KOOTENAI COUNTY, Idaho — The number of active coronavirus cases in North Idaho continued to rise on Monday while the area's number of hospitalizations tied to the virus more than doubled compared to the week before.
The Panhandle Health District announced 110 new cases of coronavirus on Monday, bringing the district's total case count to 1,240 since the pandemic first began earlier this year.
Health officials were monitoring 733 active cases across Idaho's five northern counties. That represents the highest number of active cases the district has monitored during the pandemic.
Nineteen people with the virus were hospitalized, an increase from eight hospitalizations last Wednesday. Kootenai Health confirmed that all 19 cases were at the hospital, with three of the patients being in critical care.
Wait times for coronavirus tests at the hospital remained the same compared to the week before, however. Andrea Nagel, a Kootenai Health spokeswoman, confirmed that people visiting the hospital's drive-through testing site were waiting one to two hours on average.
More tests weren't behind spiking case rates, however.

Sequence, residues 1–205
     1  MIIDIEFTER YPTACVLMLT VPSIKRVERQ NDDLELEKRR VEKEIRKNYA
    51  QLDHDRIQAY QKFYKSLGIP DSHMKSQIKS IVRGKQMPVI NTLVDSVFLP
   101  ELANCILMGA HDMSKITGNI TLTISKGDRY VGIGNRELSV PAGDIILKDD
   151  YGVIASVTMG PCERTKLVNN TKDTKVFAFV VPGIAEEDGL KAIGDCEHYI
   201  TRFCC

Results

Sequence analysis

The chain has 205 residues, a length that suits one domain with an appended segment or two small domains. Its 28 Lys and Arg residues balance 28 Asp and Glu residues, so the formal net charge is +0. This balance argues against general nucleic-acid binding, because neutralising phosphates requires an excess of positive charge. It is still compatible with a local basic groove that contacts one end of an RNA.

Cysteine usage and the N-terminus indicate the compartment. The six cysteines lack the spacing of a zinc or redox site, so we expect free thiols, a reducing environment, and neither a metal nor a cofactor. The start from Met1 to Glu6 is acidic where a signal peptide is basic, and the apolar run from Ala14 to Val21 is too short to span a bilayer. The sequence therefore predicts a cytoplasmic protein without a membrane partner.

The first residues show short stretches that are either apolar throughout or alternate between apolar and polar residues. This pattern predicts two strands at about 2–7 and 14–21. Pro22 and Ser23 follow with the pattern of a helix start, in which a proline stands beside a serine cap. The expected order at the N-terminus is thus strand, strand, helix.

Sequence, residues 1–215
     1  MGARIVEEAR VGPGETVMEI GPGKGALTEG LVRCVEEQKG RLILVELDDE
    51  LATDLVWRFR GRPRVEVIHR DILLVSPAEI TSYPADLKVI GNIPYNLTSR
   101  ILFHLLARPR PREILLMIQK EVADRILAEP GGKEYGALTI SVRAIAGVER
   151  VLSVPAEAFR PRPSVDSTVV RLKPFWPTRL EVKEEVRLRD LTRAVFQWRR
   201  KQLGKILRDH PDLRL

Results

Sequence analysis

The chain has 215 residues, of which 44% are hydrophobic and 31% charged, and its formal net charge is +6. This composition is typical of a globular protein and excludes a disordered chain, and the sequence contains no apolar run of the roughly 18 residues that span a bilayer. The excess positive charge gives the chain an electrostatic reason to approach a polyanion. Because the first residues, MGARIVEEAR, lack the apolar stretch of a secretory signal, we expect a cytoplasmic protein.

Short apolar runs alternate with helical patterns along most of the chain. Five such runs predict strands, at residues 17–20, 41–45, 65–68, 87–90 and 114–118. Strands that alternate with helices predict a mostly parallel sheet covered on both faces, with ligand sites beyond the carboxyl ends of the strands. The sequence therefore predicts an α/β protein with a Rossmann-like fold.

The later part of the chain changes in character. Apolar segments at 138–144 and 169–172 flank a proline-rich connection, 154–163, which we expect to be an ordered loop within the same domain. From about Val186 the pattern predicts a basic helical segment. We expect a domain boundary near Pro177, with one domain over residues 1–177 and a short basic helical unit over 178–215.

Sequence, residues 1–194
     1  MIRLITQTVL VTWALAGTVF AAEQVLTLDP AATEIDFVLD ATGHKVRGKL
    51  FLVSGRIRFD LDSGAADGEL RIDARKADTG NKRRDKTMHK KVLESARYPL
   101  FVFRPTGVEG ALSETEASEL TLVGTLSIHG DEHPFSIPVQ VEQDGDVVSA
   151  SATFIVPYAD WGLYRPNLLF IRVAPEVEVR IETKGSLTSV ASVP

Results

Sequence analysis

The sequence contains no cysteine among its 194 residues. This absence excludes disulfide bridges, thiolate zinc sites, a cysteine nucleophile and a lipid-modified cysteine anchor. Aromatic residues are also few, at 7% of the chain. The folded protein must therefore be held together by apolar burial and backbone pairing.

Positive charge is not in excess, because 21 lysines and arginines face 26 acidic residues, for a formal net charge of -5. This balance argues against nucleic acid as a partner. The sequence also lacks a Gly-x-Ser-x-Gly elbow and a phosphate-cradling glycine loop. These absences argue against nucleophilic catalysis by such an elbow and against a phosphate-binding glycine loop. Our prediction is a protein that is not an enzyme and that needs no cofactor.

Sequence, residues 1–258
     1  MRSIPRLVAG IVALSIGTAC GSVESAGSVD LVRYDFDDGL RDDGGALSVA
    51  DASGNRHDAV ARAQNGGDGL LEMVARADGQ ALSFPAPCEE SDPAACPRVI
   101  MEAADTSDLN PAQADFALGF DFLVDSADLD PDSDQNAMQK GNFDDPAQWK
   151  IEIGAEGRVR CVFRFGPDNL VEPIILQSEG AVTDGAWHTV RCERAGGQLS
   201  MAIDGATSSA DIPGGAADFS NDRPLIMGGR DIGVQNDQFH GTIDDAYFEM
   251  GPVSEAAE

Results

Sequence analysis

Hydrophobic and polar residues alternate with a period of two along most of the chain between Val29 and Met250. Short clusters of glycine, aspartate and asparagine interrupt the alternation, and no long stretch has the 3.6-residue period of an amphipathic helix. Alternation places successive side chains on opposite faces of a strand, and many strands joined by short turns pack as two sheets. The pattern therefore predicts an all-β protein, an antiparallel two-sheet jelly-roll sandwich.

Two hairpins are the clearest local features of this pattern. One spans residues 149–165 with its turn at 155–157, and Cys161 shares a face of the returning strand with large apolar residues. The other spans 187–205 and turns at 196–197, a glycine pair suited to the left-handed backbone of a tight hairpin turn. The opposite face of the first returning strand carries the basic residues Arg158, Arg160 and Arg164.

"Although our testing has increased, that does not explain our sharp increase in cases," said Panhandle Health spokeswoman Katherine Hoyer in an email to KREM.
PHD leaders had previously said that people bar-hopping was partially behind the area's sharp rise of cases.
Also on Monday, Heritage Health announced that it was beginning to offer coronavirus tests at its locations in Coeur d'Alene, Post Falls, Rathdrum, and Kellogg.
While the pandemic has had noticeable impacts on businesses in Coeur d'Alene and other high-traffic areas, even rural parts of North Idaho have felt the virus' effects. This month, the U.S. Forest Service announced that the Emerald Creek Garnet area of the Idaho Panhandle National Forest would remain closed for the rest of the year due to coronavirus concerns.
The popular area, known for containing star garnets, often draws more than 5,000 visitors each summer to a rural section of Latah County to dig for the gems. The USFS said that enacting social distancing measures in the digging sections of the recreation site and other areas would be impossible.
"People are crowding in together in the digging and sluicing areas. And they're lined up, waiting for their turn to get in," said Patrick Lair, an Idaho Panhandle National Forest Public Affairs Officer. "This is a very tough decision for the forest service."
Lair added that the area often draws in visitors from across the Pacific Northwest. Idaho, he explained, is one of just two areas in the world where star garnets can be found.
"It's just in the interest of protecting the health and safety of not just the public, but also our own employees," he said of the closure.
The Emerald Creek area was closed last year as well due to nearby road construction and stream restoration work.
All other recreation sites on Panhandle National Forest lands were open, Lair said.